Californa Governor Jerry Brown signed into law the Senate Bill 185 last month, which requires the state pension funds—CalPERS and CalSTRS, to divest investments in coal companies that generate at least 50% of revenue from thermal coal.
CalPERS assets under management have a market value of around $293.64 billion as of November 30, 2015, while CalSTRS manages approximately $188 billion in assets as of October 31, 2015, as reported by the pension funds on its websites.
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A report from Reuters indicated that CaPERS has investments worth about $100 million to $200 million in 20 to 30 thermal coal mining companies including Peabody Energy and Arch Coal. On the other hand, another state pension giant, CalSTRS has approximately $40 million investments in thermal coal mining companies.
International coal divestment movement
According to FactSet, Governor Brown’s signing of the coal divestment bill could indicate a trend where pension funds seek to align better their investment policies with the overall social movement towards reducing carbon emissions. And it is not only pension funds – as we noted earlier this week, some big US and European banks have cut off funding for coal related businesses.
However, California’s action was one of the largest movements in the international coal divestment movement. The Parliament of Norway endorsed coal divestment in June. The Parliament recently voted for the reduction of coal investments by its $900 billion sovereign wealth fund (SWF), the world’s largest SWF in terms of assets. Stanford University and the University of Maine also decided to divest investments from coal companies. The timing could not be worse as the coal industry is hit by prices, and regulation, and coal companies teeter on bankruptcy.
However, how will this impact your portfolio?
According to FactSet, investors need to be aware of companies that have exposure to coal businesses, but the task of identifying them is a challenge. Investors can use the conventional industry classification systems to identify these companies, but it is limited in depth and scope.
FactSet explained that investors will not be able to identify companies generating less than 50% of revenues from coal using the conventional industry classification system. Additionally, companies are not classified into more granular levels such as thermal or metallurgical coal.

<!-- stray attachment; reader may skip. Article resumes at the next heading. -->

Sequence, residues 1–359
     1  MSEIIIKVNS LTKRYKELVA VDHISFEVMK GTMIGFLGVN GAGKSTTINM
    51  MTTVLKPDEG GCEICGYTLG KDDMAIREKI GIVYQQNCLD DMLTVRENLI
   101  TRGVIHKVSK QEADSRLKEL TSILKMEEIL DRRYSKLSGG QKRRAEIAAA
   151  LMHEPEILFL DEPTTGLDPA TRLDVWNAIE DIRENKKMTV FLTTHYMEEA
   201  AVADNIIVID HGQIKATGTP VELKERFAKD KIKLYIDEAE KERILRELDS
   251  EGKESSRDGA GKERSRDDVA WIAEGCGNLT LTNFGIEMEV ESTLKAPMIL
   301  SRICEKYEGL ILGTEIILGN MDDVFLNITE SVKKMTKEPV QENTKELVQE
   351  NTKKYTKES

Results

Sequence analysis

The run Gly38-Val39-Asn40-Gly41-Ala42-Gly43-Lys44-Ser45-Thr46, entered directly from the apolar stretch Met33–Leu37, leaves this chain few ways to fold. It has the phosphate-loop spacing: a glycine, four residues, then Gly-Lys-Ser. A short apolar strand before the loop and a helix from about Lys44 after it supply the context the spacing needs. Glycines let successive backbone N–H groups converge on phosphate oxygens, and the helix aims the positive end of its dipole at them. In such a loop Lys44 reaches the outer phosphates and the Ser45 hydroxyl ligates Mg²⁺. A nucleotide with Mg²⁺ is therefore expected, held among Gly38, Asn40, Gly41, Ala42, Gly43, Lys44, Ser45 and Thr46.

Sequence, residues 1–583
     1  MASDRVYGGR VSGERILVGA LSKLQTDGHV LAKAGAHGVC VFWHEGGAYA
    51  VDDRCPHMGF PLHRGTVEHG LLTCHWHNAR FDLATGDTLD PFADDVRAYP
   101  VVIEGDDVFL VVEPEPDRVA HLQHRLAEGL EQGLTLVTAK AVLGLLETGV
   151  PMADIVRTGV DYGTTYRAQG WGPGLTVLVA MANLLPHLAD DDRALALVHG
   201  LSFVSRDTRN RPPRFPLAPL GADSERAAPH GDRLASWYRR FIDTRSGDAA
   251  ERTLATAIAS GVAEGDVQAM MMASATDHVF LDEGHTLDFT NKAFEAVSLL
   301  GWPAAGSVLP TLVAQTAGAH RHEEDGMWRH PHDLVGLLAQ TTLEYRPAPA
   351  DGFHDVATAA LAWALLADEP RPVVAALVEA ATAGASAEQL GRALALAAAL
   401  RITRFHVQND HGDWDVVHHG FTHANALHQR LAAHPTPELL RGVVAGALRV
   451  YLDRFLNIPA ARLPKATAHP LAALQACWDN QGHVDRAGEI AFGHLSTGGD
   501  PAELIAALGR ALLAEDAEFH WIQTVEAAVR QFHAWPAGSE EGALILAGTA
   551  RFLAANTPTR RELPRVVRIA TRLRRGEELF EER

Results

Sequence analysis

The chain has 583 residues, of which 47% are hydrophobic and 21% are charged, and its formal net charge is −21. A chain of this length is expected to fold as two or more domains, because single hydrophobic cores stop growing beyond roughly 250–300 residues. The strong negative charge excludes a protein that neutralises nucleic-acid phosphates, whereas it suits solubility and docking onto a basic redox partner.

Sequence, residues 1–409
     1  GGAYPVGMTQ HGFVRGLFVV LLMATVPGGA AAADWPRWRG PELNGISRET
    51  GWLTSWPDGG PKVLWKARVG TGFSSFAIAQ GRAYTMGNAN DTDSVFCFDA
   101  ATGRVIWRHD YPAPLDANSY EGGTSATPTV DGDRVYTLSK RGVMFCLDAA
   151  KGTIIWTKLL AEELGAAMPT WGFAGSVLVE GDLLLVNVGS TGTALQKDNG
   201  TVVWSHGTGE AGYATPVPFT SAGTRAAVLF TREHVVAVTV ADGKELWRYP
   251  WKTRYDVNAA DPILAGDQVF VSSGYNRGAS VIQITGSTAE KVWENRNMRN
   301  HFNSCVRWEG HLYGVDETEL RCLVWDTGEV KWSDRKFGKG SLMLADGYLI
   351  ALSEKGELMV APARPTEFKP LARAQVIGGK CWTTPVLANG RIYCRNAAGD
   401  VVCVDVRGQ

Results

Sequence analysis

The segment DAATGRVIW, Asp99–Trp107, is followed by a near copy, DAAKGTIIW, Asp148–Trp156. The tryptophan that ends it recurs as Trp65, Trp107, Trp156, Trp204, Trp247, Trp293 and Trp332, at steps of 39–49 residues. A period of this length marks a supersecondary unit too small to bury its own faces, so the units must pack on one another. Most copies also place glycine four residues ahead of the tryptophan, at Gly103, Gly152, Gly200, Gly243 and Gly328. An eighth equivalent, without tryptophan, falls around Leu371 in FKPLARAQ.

The FactSet Revere Industry and Sector Classifications can address both limitations by using highly specific industry categories and granularity to map companies on a multi-dimensional level, including their primary and ancillary businesses.
Excluding coal companies enhances performance of Russell 3000
FactSet Revere senior product manager Jeremy Zhou applied several coal exclusionary filters to backtest the performance impact on the Russell 3000 over the past five years.
The chart below showed the results based on returns from October 10, 2010, to October 15, 2015) for four exclusionary portfolios. The returns were based on total returns including dividends reinvested.
The results excluded the following factors in the four exclusionary portfolios:
- All coal-exposed companies in the Russell 3000 (“R3K excluding Coal”) regardless of the percentage of revenues they received from coal
- Coal-focused companies that received 50% or more of their revenues from coal
- All thermal coal-exposed companies
- Only “focus” coal companies that received 50% or more of their revenues from thermal coal
Based on FactSet’s back-tested results, excluding all coal-exposed companies in the Russel 3000 for the past five years produced the best cumulative return of 83.07%.
The portfolio that excluded coal companies that received 50% or more of revenues from thermal coal produced the lowest return. FactSet also found that all four exclusionary portfolios outperformed the Russel 3000 (equal weighted and rebalanced annually) in the past five years.
“Excluding coal companies in the Russell 3000 for the past five years appeared to be performance enhancing, even when a more restrictive thermal coal exclusionary filter was applied,” according to FactSet.
Of course, some would argue that this is hindsight bias since coal has performed so poor over the past five years – and that the backtest results are obvious. Nonetheless, at least if the consensus is correct (and it often is not), coal is going to be in trouble for the foreseeable future.